See Article History Alternative Title: While their mother taught at a variety of schools in New Hampshire and Massachusetts, Robert and Jeanie grew up in Lawrence, and Robert graduated from high school in A top student in his class, he shared valedictorian honours with Elinor White, with whom he had already fallen in love. Robert and Elinor shared a deep interest in poetrybut their continued education sent Robert to Dartmouth College and Elinor to St.
Story[ edit ] Qays ibn al-Mulawwah fell in love with Layla al-Aamiriya. He soon began composing poems about his love for her, mentioning her name often.
His unselfconscious efforts to woo the girl caused some locals to call him "Majnun. Soon after, Layla was married to another noble and rich merchant belonging to the Thaqif tribe in Ta'if.
He was described as a handsome man with reddish complexion whose name was Ward Althaqafi. The Arabs called him Ward, meaning "rose" in Arabic. When Majnun heard of her marriage, he fled the tribal camp and began wandering the surrounding desert. His family eventually gave up hope for his return and left food for him in the wilderness.
He could sometimes be seen reciting poetry to himself or writing in the sand with a stick. Layla is generally depicted as having moved to a place in Northern Arabia with her husband, where she became ill and eventually died. In some versions, Layla dies of heartbreak from not being able to see her would-be lover.
He had carved three verses of poetry on a rock near the grave, which are the last three verses attributed to him. Layla visits Majnun in the wilderness; Indian watercolour held by the Bodleian Library Many other minor incidents happened between his madness and his death.
Most of his recorded poetry was composed before his descent into madness.
This type of love is known as "virgin love" because the lovers never marry or consummate their passion. This literary motif is common throughout the world, notably in the Muslim literature of South Asiasuch as Urdu ghazals. History and influence[ edit ] Persian adaptation and Persian literature[ edit ] Majnun in the wilderness The story of Layla and Majnun was known in Persia as early as the 9th century.
Two well known Persian poets, Rudaki and Baba Taherboth mention the lovers. Nizami collected both secular and mystical sources about Majnun and portrayed a vivid picture of the famous lovers.
However, they could not see each other due to a family feud, and Layla's family arranged for her to marry another man. Rudolf Gelpke, "Many later poets have imitated Nizami's work, even if they could not equal and certainly not surpass it; Persians, Turks, Indians, to name only the most important ones.
The story of Layla and Majnun passed into Azerbaijani literature. It premiered in Baku on 25 January The story had previously been brought to the stage in the late 19th century, when Ahmed Shawqi wrote a poetic play about the tragedy, now considered one of the best in modern Arab poetry.
Majnun lines from the play are sometimes confused with his actual poems. In Arabic language, Layla name means "night," and is thought to mean "one who works by night" or "worker of the dark.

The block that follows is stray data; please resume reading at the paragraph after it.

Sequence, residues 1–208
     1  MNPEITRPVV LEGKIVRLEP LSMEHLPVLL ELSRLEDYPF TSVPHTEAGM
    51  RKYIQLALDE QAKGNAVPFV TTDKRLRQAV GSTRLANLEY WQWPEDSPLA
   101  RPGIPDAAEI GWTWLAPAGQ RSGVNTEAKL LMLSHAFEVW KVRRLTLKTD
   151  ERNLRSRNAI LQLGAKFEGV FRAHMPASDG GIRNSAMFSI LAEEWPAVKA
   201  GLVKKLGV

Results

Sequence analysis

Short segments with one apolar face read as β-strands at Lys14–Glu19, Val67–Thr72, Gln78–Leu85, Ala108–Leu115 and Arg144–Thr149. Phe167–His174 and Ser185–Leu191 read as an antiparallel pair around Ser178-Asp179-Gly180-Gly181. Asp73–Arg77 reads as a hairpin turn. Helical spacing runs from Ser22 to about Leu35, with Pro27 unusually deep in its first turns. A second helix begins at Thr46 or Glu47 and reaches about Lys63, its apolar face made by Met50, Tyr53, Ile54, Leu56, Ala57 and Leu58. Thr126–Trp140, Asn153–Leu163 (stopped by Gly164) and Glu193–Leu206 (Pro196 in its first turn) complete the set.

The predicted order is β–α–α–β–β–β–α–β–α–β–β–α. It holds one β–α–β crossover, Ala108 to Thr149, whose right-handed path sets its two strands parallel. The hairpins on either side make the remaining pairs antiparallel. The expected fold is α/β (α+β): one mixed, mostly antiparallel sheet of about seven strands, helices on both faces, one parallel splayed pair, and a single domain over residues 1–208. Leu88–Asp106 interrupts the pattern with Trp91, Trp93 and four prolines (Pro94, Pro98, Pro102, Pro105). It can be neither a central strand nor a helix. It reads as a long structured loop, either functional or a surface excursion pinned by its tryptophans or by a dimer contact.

In the Arabic languagethe word Majnun means "a crazy person. This epic poem was translated into English by Isaac D'Israeli in the early 19th century allowing a wider audience to appreciate it.
Layla has also been mentioned in many works by Aleister Crowley in many of his religious texts, including The Book of Lies. In Indiait is believed that Layla and Majnun found refuge in a village in Rajasthan before they died. The graves of Layla and Majnun are believed to be located in the Bijnore village near Anupgarh in the Sriganganagar district.
According to rural legend there, Layla and Majnun escaped to these parts and died there. Hundreds of newlyweds and lovers from India and Pakistandespite there being no facilities for an overnight stay, attend the two-day fair in June. Another variation on the tale tells of Layla and Majnun meeting in school.
Majnun fell in love with Layla and was captivated by her. The school master would beat Majnun for paying attention to Layla instead of his school work.
However, upon some sort of magic, whenever Majnun was beaten, Layla would bleed for his wounds.Letter To My Husband: The Love That God And I Have For You October 17, Dear Grant, Hi honey, I want to start by saying that you have grown a lot since our wedding day.
Nov 18, · 21 Sample Love Letters to Your Husband or Boyfriend. Updated on August 2, Amy Stephens. more. Contact Author. Here are a few tips that I have found helpful when it comes to expressing your love in writing: Keep it simple and direct: Write a poem.
The poem doesn't need to rhyme or be beautifully written, but it could if you want. Reviews: To my darling husband who died in March This poem has helped me to express my feelings to all who are going through the same situation as me. About the Poem. T here is so much that two people in love share, and the feeling is beyond compare.
If you share of yourself with your love, you will in return, get the blessings of closeness. When you love someone and want to be in their life, it is a simple but all encompassing feeling.
On His Being Arrived to the Age of Twenty-three. How soon hath Time, the subtle thief of youth, Stolen on his wing my three and twentieth year!
My hasting days fly on with full career. Layla and Majnun (Arabic: مجنون ليلى ), also Leili o Majnun (Persian: ليلى و مجنون ), is a narrative poem composed in / by the Persian poet Neẓāmi Ganjavi based on a semi-historical Arab story about the 7th century Bedouin poet Qays ibn Al-Mulawwah and his ladylove Layla bint Mahdi (or Layla al-Aamiriya).
Nizami also wrote Khosrow and Shirin in the 12th.